** The UK-based Arthritis Research Campaign announced an OA mandate for ARC-funded research.
** The Chief Scientist Office of the Scottish Executive Health Department announced an OA mandate for CSO-funded research.
** The Scientific Council of the European Research Council (ERC) issued a Statement on Open Access (December 2006) in which it pledged to adopt an OA mandate for ERC-funded research "as soon as pertinent repositories become operational".
** UK PubMed Central (UKPMC) officially launched on January 8. At the same time, eight of the nine members of the Funders Group announced that they do, or will, mandate OA for the research they fund and mandate deposit in UKPMC.
** The UN Convention on Long-range Transboundary Air Pollution (LRTAP) now includes a policy mandating OA to data covered by the convention, with some exceptions.
** The European Research Advisory Board (EURAB) recommended an OA mandate for EU-funded research.
** The Working Group on Libraries for India's National Knowledge Commission released its December 7, 2006, letter to Prime Minister Manmohan Singh. The group recommends an OA mandate for publicly-funded research.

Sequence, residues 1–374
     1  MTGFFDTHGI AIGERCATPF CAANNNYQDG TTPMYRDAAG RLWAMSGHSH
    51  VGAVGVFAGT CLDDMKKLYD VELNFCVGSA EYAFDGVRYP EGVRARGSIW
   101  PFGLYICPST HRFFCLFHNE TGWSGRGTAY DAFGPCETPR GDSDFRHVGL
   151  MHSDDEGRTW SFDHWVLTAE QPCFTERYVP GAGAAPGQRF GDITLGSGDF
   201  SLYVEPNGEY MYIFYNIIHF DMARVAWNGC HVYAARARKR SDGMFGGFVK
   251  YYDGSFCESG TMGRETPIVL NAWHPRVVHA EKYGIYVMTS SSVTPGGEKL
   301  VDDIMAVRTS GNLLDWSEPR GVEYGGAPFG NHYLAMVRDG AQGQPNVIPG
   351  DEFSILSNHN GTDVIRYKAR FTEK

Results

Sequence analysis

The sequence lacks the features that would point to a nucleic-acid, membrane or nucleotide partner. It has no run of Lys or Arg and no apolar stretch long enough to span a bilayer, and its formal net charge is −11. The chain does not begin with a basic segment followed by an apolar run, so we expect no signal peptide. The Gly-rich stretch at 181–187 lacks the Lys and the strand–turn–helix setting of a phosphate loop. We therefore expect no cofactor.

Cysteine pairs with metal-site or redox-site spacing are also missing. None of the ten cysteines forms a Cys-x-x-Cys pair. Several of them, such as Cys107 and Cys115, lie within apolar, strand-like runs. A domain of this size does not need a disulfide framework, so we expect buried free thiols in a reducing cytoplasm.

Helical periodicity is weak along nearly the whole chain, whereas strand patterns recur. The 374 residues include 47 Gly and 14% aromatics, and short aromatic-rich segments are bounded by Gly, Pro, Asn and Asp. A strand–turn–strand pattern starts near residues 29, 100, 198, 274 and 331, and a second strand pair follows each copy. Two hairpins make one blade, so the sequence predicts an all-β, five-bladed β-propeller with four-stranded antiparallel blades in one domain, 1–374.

** The European University Association's Working Group on Open Access released a Statement on Open Access, endorsing an EU-wide OA mandate.
** When UK universities pay publication fees on behalf of faculty who publish in fee-based OA journals, there are two ways in which they can be reimbursed by the Research Councils UK for at least part of the expense. The Research Information Network published a December 2006 briefing note with details.
** Emerald launched Emerald Asset (Accessible Scholarship Shared in an Electronic Environment), an unusual no-fee hybrid program for its engineering journals. By my count, this is the third no-fee hybrid program.
** Karger Medical and Scientific Publishers adopted a hybrid OA program for eight of its journals.